This dweller of wet situations takes most of its common names from the fancied resemblance of its flowers to the various subjects which it seems to have suggested. It is a rather common and familiar perennial herb, growing from one to three feet high. The leaves are said to be tonic, and to have been used as a remedy for liver complaints. The leafy, hollow stem is sometimes branched, and is erect, smooth, and square, with two opposite sides grooved. The sharply toothed, lance-shaped leaves taper to a long point, and are narrowed at the base. They are set upon the stalk in alternating, opposite pairs, with short stems, and their surface is creased with recurved veins. The large flowers are white, usually tinged with pink, and are closely crowded in a dense terminal cluster. The irregular corolla is broadly tubular and two-lipped. The broad, arched upper lip is creased and notched in the middle. The lower lip is three-lobed at the apex, with the middle lobe smallest. The throat is filled with woolly hairs. The dark, woolly stamens scarcely peek from beneath the upper arch of the partly gaping lips. The five-parted green calyx is surrounded with broader, leafy bracts. The Turtle-head is found from July to September, and ranges from Newfoundland to Florida, and west to Manitoba and Kansas.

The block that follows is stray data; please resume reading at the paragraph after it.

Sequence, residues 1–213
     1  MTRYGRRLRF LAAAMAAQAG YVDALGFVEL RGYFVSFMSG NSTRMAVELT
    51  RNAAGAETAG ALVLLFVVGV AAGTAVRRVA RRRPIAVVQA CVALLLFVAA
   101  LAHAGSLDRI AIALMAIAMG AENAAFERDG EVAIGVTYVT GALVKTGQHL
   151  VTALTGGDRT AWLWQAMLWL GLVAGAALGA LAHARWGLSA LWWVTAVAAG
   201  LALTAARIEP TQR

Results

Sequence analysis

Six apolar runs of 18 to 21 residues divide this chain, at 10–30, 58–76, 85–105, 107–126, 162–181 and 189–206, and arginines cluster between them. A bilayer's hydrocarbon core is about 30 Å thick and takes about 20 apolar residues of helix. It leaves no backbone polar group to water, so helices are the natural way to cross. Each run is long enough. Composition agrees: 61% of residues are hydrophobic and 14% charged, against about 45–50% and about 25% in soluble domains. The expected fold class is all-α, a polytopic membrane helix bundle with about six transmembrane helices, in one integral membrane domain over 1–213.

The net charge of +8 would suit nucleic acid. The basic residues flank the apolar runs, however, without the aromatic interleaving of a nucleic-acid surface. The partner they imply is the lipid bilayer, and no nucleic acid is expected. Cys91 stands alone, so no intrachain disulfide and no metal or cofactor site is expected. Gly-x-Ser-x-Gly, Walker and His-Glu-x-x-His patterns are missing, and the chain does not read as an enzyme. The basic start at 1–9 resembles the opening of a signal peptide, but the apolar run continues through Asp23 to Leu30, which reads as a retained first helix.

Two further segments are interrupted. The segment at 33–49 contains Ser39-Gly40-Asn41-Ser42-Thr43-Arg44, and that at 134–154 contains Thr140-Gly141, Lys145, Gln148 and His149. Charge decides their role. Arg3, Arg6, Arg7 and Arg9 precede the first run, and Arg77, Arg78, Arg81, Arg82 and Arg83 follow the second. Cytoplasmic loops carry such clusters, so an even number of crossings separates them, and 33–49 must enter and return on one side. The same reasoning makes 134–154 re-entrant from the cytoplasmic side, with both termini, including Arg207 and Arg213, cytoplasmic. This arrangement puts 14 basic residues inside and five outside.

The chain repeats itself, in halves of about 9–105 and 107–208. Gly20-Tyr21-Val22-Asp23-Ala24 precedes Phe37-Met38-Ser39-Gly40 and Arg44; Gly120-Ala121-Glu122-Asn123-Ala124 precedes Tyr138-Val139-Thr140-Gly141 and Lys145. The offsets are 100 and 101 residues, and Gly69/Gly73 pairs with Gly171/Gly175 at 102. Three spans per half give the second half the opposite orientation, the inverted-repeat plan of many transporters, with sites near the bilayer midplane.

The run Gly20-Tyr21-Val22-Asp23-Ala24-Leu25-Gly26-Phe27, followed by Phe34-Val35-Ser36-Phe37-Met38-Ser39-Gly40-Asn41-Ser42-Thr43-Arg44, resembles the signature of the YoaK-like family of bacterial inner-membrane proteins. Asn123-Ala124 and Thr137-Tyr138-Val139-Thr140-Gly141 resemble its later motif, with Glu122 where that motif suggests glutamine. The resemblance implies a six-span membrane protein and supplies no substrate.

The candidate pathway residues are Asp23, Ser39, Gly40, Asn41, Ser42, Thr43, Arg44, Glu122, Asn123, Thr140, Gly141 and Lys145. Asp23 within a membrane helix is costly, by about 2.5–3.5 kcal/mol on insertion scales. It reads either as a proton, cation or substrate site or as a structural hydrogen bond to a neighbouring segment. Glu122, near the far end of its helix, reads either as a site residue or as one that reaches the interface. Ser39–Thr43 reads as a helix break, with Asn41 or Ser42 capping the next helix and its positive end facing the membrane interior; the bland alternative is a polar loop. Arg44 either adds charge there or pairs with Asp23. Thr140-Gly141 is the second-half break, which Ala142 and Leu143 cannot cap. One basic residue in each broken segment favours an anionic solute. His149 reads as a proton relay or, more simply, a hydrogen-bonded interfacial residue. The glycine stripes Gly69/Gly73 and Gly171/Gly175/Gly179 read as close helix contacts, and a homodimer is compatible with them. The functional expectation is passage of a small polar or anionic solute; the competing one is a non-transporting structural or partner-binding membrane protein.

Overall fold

TURTLEHEAD. Chelone glabra.